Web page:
Wrabel on Songwriting: “I’ve Tried to Stay True to What it is That I Love and Feel I Do Best”

There’s a distinct characteristic that Wrabel’s father observed in him as a child. “The one thing Steve’s never done is something he doesn’t want to do,” the singer/songwriter who was born Stephen Wrabel tells American Songwriter with a smile. “I take great pride in that.” The Houston, Texas-raised singer first identified as a songwriter during childhood when he bought an album offhand by English singer/songwriter Aqualung, Strange and Beautiful. “I felt myself in it,” Wrabel recalls of his reaction. “It was the first time I heard music and was like, ‘That’s me.’ I felt so connected to it. I wanted to write songs in hearing that record.” 

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From there, he promptly started taking piano lessons and singing in church. He started to write songs in high school, taking his craft so seriously that he would put the copyright circle on his burned CDs and even formed his own company. “That really set me on that path and I knew I wanted to be an artist,” he shares. 

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After high school, he had a brief stint at the renowned Berklee College of Music before moving to Los Angeles, where he started pounding the pavement and gigged around the city. He was a writer before he was an artist, scoring his first major cut on American Idol winner Phillip Phillips’ debut album. He found a tight-knit community of writers to work with and soon found himself in the room with Kesha, Ellie Goulding, Adam Lambert, and other superstars writing for their albums. But he always walked in with a specific intention. “I like to write the truth,” he says. 

“I’ve tried to stay true to what it is that I love and feel I do best, and that usually is writing a true story with real details,” he adds.  Wrabel enjoyed his first international hit when DJ Afrojack remixed his song “Ten Feet Tall,” which reached the Top 10 on the Billboard Hot Dance/Electronic Songs chart in 2014. Wrabel has since written the deep cut “Lost Cause” on Pink’s 2023 album, Trustfall, with additional cuts by Backstreet Boys, Louis Tomlinson and Idina Menzel over the years. He also co-penned the lead single, “Bad For Me,” off Meghan Trainor’s 2022 album Takin’ It Back. The song reached the Top 30 on the BillboardAdult Contemporary chart.

He experienced another career breakthrough in 2019 with his own song “The Village,” an LGBTQ anthem he felt compelled to write after meeting two transgender children at one of his shows the day that federal protection for trans people was removed from public schools. “They were so themselves,” Wrabel observed. “I was so blown away by that.” He took this inspiration into the writing room with Andrew Jackson and Andrew Pearson, with the phrase “the village” swirling in his head. They turned the oft-used phrase into an encouraging message to trans people that won the praise of Pink and earned Wrabel considerable media attention.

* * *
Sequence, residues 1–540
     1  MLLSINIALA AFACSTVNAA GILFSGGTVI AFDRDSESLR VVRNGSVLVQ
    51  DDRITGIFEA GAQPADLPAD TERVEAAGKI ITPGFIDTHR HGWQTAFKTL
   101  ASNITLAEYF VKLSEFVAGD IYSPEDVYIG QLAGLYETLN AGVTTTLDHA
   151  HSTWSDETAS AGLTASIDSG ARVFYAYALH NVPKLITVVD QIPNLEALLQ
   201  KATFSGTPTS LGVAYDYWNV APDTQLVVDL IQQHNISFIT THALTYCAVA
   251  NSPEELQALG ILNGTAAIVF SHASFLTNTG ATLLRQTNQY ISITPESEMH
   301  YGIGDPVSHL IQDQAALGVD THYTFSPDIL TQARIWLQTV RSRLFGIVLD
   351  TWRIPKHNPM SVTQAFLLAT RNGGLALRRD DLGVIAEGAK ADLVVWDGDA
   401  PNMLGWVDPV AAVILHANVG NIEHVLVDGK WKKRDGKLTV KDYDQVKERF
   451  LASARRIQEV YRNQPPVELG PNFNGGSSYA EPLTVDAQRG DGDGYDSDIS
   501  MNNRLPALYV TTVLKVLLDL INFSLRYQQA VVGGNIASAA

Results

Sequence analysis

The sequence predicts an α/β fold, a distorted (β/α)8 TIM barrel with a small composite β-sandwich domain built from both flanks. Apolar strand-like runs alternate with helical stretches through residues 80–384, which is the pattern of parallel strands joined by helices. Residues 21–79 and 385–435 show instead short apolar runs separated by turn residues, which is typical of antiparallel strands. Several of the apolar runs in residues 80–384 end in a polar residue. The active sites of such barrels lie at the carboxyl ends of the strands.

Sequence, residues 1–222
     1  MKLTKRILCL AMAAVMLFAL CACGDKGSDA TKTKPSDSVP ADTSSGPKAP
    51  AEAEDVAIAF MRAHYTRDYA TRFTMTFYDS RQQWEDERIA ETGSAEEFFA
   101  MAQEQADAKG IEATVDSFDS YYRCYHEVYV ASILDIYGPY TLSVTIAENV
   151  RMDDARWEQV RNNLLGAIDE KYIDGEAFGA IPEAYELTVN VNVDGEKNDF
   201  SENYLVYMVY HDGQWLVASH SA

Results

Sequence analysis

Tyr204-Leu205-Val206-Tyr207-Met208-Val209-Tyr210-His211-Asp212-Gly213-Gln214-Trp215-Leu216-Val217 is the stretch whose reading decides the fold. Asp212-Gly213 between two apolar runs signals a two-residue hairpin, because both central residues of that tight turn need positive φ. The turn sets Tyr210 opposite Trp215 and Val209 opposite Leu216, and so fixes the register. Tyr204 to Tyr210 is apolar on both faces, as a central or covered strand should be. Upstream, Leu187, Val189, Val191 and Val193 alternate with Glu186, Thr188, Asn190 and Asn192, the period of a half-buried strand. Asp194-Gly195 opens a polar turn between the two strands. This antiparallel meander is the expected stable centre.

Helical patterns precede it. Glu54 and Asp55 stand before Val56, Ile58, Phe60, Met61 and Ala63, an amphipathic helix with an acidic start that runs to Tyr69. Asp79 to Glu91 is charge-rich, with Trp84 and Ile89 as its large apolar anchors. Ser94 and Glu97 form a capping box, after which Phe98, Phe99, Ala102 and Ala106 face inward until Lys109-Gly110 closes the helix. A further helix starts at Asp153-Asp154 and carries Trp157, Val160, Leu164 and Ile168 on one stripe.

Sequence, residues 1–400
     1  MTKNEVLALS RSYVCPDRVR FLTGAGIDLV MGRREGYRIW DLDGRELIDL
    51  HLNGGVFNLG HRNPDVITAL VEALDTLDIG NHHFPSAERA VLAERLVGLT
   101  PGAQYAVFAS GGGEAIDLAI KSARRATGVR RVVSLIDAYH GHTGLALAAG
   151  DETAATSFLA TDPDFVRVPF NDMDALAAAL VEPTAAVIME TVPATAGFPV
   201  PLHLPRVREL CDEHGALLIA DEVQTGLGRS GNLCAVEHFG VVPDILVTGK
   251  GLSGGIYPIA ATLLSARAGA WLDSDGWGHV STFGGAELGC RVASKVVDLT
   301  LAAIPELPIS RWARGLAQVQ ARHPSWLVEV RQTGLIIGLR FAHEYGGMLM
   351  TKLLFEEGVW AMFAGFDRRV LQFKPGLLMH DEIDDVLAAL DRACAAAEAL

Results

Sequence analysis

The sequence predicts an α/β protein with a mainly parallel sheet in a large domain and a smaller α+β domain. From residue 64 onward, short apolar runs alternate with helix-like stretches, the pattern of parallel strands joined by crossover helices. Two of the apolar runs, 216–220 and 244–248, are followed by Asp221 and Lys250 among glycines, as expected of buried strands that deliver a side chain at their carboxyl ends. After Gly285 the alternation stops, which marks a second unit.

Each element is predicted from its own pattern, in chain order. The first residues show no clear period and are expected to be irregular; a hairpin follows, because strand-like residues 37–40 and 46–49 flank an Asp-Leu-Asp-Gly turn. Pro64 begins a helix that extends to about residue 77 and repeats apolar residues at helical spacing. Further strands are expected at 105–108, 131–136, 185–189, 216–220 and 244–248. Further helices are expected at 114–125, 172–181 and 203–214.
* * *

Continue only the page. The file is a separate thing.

“‘The Village’ opened up this thing where I can write a song about anything,” the singer, who came out as gay at 23, says of how it impacted his songwriting. “It was my first time attempting to tell someone else’s story, which I approached with nothing but respect and delicate steps. ‘The Village’ really opened my mind a lot to: You can go after topics that other people aren’t talking about. It’s the closest thing to my heart that I think is the most special thing I will ever do.” 

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The singer sent the song to the two teens who inspired it, and they urged him to release it. “To see what that’s done, it’s unbelievable to me,” he adds about the power of music. “I’ve tried to maintain some of that wonder and awe in it all because I think it’s magic.”

Along the way, Wrabel has continued to craft his own voice as an artist across two albums and several EPs. The new album, Based on a True Story, arrived on November 17. The 11-track follow-up to his 2021 debut album, These Words Are All for You, finds him touching on themes ranging from “existential, beautiful love,” to his sobriety journey, on the deeply personal “One Drink Away.” The album arose out of, “Writing things that felt true and close to my heart from conversations [with] friends and with myself of checking in, ‘Where am I? What do I think about this? How do I feel?’” he says. “I think learning about my perspective on where I’m at and about life ended up being something I think [is] really hopeful.” 

That sense of hopefulness was instilled in him by a former publisher who made a comment that has been formative to his songwriting journey. “She pushed me to never see your best song as something you’ve already written,” Wrabel says. “I think the reason why we do what we do is to hopefully share something that can somehow positively affect someone. As long as I’m alive, I feel like there’ll be something to write about.” 

Photo by Celina Kenyon

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